Photo: Lisbeth Holten

Professor intends to see green chemical processes

Thursday 16 Sep 21


Stig Helveg
Professor, centerleader
DTU Physics

A new electron microscope can provide greater insight into individual nanoparticles in a catalyst used for, e.g., Power-to-X processes.

Stig Helveg has been appointed professor at DTU Physics. This also marks the start of the new Danish National Research Foundation Center for Visualizing Catalytic Processes (VISION), which he heads and where the a new electron microscope will be established and used. 

"We want to observe the individual nanoparticles and understand how their atomic structures and mechanisms contribute to their catalytic mode of action."
Stig helveg, Professor DTU Physics

The new electron microscope aims at visualizing individual nanoparticles in catalysts used to accelerate chemical processes without being consumed in them. Once the individual atoms in a nanoparticle can be identified, the next step will be to determine their catalytic properties.

“By combining a range of new technologies for the first time, we will establish a unique electron microscope to enable us to meet the ambitious goal of VISION. We want to observe the individual nanoparticles and understand how their atomic structures and mechanisms contribute to their catalytic mode of action. This will enable us to determine which nanoparticles are particularly suited for a catalytic process—and subsequently use that insight to optimize and design new and better catalysts,” says Stig Helveg.

The goal is a paradigm shift in the research

This is nothing less than a paradigm shift in the research field if the researchers succeed in acquiring the desired insight into the mode of action of individual nanoparticles. 

It is also invaluable knowledge in relation to the green transition, where one focus is on converting the CO2, of which we have too much in the atmosphere, into new compounds that can be used as, for example, fuels for heavy traffic.

“It’s quite a complicated and challenging project. We have just published a scientific article showing a first step of the way, and we are engaged in the next steps, where VISION will establish a new electron microscope for observations of the mode of action of nanoparticles in catalytic processes,” says Stig Helveg.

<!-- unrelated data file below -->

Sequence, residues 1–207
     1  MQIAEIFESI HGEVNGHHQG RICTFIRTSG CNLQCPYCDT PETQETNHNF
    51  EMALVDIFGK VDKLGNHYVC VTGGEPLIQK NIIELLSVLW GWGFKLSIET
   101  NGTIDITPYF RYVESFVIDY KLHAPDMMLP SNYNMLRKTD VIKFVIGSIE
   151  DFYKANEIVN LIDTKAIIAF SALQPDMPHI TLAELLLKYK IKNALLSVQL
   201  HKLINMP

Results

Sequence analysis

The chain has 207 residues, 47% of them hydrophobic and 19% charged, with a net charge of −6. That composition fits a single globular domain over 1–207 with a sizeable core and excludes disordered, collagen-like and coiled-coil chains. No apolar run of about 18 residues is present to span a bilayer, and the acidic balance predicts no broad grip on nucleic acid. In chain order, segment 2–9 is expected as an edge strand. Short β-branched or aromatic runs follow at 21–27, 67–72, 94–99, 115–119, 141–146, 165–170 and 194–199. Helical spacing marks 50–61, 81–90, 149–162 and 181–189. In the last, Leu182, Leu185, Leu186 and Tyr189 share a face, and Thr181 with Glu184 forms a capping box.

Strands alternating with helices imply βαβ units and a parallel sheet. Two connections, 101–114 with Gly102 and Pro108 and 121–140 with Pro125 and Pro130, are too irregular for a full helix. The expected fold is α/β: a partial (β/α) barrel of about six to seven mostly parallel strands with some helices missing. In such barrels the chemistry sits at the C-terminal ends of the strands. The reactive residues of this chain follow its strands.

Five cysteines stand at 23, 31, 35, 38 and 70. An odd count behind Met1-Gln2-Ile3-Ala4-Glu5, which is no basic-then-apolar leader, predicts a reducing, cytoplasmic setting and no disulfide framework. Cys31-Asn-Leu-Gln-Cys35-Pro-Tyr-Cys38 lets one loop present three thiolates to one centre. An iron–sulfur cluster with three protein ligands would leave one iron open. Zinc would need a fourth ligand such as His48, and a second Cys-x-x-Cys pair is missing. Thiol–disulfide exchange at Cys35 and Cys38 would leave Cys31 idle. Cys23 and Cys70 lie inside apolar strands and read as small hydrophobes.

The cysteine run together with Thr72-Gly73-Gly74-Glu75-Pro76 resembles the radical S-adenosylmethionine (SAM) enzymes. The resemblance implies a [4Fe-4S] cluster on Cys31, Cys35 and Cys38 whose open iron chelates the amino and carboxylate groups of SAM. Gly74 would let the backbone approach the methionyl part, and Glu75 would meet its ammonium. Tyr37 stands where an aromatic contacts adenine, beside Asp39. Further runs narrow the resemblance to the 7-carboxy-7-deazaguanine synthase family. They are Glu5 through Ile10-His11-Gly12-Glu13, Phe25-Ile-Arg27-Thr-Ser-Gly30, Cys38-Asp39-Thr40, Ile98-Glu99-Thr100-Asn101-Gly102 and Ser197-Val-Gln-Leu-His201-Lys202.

The new electron microscope will be located at DTU, and other national and international leading researchers will thus have an opportunity to use it and collaborate on solving some of the most pressing scientific problems in this field.

A strengthening of DTU’s catalysis research

The appointment of Stig Helveg and establishment of his new research centre marks a significant strengthening of DTU’s catalysis research. 

Stig Helveg has been a scientific employee at Haldor Topsoe A/S for the past 20 years. Here, he was hired as a young physicist to work on a very ambitous assignment: to observe catalysts that facilitate chemical reactions on an atomic scale. Observations that until then had not been available, but for which he began developing and applying advanced microscopy technology. 

This became the start of a long career that has been concentrated on electron microscopy and the development of analysis methods and equipment, all focused on solving specific scientific problems in industrial catalysis. With his longstanding work, Stig Helveg has contributed to laying the foundation for a new research area in precisely electron microscopy and catalysis.

“We’re pleased to be able to employ such a competent researcher and to house the new basic research centre, VISION. With Stig’s focus on acquiring knowledge about the individual nanoparticles in a catalyst, his work is a good supplement to our current very strong international research environments in catalysis headed by Jens Kehlet Nørskov and Ib Chorkendorff,” says Rasmus Larsen, Provost, DTU. 

Stig Helveg is also pleased with the location of the centre. 

“The latest technological advances in electron microscopy offer an opportunity to take my research to the next level. In this connection, it is crucial to be part of a unique academic environment in catalysis research. It’s therefore fantastic to be able to start as a professor at DTU. VISION couldn’t have been given a better starting point.”


The Danish National Research Foundation supports curiosity-driven and ambitious frontline research of the highest quality in Denmark with Centres of Excellence grants.

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